Whether or not an editor agrees with your work or your point of view, however, doesn’t necessarily mean you can’t gain something from them or that they are a poor editor. Even if your point of view differs drastically, you can learn from hearing people’s criticism (provided it’s constructive) and considering it. Grammar mistakes, word choice issues, plot inconsistencies, and many other common literary mistakes don’t require a matter of “taste” in order to be fixed.

Regardless of whether or not you have a personality clash, one of the most important parts of being professional is your behavior. You, and you alone, are responsible for how you react to the comments and criticism. Behaving in a professional, polite manner will certainly win you far more “Brownie points” than throwing a tantrum over the fact that you don’t agree. And in some circumstances, if you ask nicely enough it may result in you being reassigned to another editor rather than being dropped from the company entirely. There are many possibilities that you might face if you’re polite. If you’re rude or difficult, however, those doors will close on you and you’ll be left with only the option to start the process of finding a publisher all over again.


3 thoughts on ““Editing is such a subjective talent.”

  1. Funny enough, I usually see the “wish they could write” line leveled more at critics. Usually only when they’ve given a bad review, naturally.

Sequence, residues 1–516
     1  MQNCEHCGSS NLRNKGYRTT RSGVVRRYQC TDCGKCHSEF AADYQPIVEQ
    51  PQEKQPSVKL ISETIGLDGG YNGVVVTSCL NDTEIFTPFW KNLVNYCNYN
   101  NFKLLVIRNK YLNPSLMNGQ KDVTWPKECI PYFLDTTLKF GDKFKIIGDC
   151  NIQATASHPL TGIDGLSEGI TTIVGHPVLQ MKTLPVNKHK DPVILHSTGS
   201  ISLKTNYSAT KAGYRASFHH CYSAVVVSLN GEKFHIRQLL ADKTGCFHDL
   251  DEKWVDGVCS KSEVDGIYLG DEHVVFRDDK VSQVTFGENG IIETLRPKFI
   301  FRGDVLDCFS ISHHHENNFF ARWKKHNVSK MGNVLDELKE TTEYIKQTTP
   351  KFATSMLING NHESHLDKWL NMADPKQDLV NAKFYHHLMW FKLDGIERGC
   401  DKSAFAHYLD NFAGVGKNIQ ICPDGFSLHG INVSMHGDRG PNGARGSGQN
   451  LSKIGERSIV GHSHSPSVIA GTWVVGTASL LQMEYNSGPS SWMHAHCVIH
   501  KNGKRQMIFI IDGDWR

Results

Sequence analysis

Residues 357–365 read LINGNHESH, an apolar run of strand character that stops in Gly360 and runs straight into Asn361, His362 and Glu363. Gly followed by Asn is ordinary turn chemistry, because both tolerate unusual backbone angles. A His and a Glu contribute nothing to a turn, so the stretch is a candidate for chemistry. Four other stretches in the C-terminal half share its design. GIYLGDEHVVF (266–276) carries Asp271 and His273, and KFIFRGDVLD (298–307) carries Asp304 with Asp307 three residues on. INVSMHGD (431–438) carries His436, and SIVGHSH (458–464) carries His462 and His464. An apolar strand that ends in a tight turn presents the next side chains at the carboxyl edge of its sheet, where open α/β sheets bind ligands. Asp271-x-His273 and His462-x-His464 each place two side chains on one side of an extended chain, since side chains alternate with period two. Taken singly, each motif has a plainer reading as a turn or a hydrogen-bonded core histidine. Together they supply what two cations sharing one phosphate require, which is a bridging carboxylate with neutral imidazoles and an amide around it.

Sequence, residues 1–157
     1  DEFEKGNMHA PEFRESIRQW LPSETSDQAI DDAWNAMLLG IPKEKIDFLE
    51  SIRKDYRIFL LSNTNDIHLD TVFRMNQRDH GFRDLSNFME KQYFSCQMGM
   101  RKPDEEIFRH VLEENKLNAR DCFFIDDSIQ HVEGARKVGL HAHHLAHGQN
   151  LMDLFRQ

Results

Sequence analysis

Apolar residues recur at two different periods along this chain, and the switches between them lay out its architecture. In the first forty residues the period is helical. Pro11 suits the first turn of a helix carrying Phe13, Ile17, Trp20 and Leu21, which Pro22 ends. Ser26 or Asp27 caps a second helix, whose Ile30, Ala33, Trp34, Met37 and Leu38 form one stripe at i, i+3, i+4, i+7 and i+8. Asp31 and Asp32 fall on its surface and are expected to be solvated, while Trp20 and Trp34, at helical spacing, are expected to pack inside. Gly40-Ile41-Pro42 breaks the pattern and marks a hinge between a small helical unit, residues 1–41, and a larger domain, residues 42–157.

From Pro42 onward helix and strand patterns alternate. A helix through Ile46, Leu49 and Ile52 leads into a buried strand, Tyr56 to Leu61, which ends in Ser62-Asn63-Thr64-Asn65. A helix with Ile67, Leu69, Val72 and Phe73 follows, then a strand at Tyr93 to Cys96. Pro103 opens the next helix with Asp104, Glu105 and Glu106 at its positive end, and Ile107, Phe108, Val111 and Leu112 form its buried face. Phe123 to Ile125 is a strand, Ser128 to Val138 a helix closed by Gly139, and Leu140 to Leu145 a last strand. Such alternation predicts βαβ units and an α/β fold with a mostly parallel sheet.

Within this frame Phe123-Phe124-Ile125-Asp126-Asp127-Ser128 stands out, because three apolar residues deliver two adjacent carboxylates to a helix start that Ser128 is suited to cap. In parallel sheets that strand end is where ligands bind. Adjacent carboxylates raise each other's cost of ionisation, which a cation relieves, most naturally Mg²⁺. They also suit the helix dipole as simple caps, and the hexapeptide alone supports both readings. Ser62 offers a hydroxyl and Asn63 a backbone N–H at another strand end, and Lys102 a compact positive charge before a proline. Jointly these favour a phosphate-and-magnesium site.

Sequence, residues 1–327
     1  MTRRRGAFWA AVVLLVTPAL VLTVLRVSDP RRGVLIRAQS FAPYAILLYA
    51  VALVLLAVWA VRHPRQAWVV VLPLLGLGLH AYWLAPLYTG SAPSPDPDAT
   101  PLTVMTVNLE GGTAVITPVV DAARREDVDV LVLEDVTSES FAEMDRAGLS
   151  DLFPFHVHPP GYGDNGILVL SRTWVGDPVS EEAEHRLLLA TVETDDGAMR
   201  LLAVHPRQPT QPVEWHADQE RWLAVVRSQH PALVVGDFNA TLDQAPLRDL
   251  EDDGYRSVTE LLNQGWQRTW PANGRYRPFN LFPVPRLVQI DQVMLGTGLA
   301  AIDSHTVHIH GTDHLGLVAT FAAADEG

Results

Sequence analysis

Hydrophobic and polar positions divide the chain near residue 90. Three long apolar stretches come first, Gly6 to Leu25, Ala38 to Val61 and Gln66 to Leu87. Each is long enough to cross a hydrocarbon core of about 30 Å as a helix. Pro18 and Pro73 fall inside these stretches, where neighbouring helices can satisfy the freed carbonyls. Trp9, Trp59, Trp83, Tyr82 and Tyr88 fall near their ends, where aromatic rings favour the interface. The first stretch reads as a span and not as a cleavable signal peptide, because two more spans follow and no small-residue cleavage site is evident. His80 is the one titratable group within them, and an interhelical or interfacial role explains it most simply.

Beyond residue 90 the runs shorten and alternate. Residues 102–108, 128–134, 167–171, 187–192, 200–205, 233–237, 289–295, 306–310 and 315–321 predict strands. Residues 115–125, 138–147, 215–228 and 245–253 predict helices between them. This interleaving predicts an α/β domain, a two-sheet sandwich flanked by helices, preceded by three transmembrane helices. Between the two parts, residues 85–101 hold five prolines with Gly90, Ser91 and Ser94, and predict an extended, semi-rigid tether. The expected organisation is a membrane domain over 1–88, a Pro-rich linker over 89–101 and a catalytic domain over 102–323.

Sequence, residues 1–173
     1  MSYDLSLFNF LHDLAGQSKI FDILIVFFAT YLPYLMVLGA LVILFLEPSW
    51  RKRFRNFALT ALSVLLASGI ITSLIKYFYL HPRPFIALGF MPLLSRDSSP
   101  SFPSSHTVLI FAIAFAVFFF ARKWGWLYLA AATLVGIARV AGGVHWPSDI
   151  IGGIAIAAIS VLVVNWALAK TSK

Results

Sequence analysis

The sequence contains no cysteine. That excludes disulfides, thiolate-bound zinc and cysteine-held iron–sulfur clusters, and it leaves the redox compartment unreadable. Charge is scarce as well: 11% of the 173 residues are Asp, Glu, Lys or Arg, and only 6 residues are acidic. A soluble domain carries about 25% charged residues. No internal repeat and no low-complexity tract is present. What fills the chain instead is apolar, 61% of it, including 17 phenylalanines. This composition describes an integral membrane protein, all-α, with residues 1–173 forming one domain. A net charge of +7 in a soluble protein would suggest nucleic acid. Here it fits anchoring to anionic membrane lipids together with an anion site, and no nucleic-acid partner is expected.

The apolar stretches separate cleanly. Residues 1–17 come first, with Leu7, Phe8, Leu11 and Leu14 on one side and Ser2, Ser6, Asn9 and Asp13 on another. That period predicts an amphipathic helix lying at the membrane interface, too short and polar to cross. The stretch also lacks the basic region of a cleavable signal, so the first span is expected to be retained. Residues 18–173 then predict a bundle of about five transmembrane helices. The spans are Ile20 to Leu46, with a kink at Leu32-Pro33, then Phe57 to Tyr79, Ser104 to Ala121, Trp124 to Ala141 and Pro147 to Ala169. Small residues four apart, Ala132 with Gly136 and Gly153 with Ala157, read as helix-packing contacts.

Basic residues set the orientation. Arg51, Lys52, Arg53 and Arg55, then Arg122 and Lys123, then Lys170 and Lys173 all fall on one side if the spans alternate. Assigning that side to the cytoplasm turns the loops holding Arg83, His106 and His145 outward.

While I also had the issue of professors wanting me to write literary fiction when I was (and still am) a genre fiction person, I’ve always been of the opinion that if someone is taking the time and effort to critique your work it’s because they care. Especially if they are harsh. If they are harsh, it means that they respect you enough to be honest and to believe that you can take it.

  2. I’ve been asked, as someone who is “good with English” to edit twice this year. In my limited experience, the thing that I realize I’m good at is helping with sequence, structure, and “flow”, aside from the basics of grammar, word choice, and punctuation. I always strive to figure out exactly what the person is hoping to get out of having their work edited. Are they having trouble transitioning from one thing to another? Do they need to know if the dialogue is realistic/believable? What do they really want?

    Of course, I don’t work for a publisher, either. I’m sure there are different objectives depending on the project. Choosing an editor that you respect and that seems to “get” your vision is really important. As a writer, I had a great editor in school. I haven’t had her recently (I graduated, moved to another state, lost touch), and I am still looking for someone I feel that comfortable with (and she could be HARSH, but she pushed my writing to levels I thought were beyond my limited skills) who is that good at pointing out what a piece needs. This is probably your most important relationship as a writer. I couldn’t imagine just paying someone and getting a finished product back.

    Great post!